Friday, January 08, 2010

Ke$ha and white trash aesthetic

I don't have cable TV, so I was late to the game in being exposed to Ke$ha, the latest pop-tart-of-the-moment. (I'm sure that some would be tempted to give this title to Lady Gaga, but I have a feeling that Gaga's career will actually have some longevity and/or artistic relevance.) She's notable, thus far, for two things: providing the female vocals to Flo Rida's embarrassingly awful "Right Round" and her own painfully annoying debut single, "TiK ToK". Which you can see right here:

So when I saw this, my immediate reaction was that someone - or some company- has discovered that a white trash aesthetic is commercially viable. (I didn't realize that there's a 'white-girl rap' scene, which I suspect plays up this look.) And so the video struck me as hugely exploitative - some label found a trashy girl with whiny vocals and is mocking her while appearing to celebrate her. (As opposed to, say, Britney or LiLo, whose trashiness the label tried to hide.)

And then I looked Ke$ha up on Wikipedia and visited her website. She calls her style "garbage chic" and explains that the dollar sign in her name is ironic, and describes the album to Maxim as "a cross between Beastie Boys and a tranny with a hangover". (What that actually means, I'm not sure.) And the website with all the howling wolves and web 1.0 design quirks? That simultaneous celebration/revulsion for white trash culture is pretty much the calling card of more-clever-than-thou hipster humor. So it's not some evil corporation that's (wholly) appropriating the white trash aesthetic - it's Ke$ha herself.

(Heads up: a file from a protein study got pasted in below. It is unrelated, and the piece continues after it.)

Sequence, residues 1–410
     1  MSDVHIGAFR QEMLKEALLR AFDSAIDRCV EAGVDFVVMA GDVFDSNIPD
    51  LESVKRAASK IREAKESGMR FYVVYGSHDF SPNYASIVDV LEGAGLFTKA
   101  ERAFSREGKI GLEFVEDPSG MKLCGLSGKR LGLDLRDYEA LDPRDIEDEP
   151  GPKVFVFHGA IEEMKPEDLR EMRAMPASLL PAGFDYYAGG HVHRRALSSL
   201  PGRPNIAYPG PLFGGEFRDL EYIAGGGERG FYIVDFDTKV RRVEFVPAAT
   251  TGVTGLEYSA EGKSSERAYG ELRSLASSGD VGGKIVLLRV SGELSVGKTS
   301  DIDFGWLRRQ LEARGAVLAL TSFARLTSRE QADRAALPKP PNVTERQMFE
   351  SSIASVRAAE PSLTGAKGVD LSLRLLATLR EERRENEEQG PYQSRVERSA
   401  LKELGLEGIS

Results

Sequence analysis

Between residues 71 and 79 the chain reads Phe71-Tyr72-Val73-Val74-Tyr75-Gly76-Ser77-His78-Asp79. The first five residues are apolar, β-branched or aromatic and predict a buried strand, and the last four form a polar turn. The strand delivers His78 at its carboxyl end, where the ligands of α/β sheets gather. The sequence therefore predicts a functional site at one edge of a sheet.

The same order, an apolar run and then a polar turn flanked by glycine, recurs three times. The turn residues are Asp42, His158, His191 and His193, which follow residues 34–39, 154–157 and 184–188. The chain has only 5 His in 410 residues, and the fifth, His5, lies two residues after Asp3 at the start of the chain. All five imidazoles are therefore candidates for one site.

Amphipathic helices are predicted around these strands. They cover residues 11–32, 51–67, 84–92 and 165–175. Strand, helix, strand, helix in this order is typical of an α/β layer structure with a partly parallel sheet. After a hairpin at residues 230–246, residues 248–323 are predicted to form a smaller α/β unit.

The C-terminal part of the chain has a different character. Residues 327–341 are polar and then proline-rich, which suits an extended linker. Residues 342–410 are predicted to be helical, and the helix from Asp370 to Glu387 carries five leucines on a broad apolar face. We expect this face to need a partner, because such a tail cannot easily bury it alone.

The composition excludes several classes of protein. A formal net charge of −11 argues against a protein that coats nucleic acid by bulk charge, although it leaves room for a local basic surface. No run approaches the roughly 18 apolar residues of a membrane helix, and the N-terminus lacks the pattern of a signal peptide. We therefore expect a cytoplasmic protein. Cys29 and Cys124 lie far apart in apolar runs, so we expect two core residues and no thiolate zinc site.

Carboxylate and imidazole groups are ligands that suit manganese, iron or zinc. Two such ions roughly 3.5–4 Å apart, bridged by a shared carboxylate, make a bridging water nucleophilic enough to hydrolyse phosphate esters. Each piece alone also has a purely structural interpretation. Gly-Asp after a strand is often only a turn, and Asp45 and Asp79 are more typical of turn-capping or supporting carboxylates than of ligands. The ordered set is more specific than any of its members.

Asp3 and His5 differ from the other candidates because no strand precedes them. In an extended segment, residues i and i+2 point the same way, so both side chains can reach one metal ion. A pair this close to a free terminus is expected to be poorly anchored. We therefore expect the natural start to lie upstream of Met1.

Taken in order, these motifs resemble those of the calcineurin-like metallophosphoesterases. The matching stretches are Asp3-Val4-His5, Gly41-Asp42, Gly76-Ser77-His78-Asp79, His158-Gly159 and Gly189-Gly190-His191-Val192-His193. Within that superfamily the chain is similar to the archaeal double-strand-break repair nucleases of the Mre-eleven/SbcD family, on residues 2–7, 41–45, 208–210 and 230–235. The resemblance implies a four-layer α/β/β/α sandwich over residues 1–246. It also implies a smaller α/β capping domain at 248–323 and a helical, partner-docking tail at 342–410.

A slightly related note: When I first started reading the sociocultural lit on white trash, I picked up the rather obviously titled White Trash. One of the rather interesting things that emerged from it was that none of the authors actually laid claim to the identification, nor did they really comment on their personal aversion to the topic - most of them said that they either were white trash or feared being white trash, but all of them distanced themselves from it to a large extent. (One article seems to be an exception, in which the author lauds country music, but it's also an exception in that she's possibly the only author in the collection that doesn't feel/fear that she was white trash.) It led me to remark to some friends, in a play on subaltern politics, that 'white trash can't speak' - that only reformed white trash can speak of white trash in an academically meaningful sense. Even in pop music, it seems, it can only be ironic.

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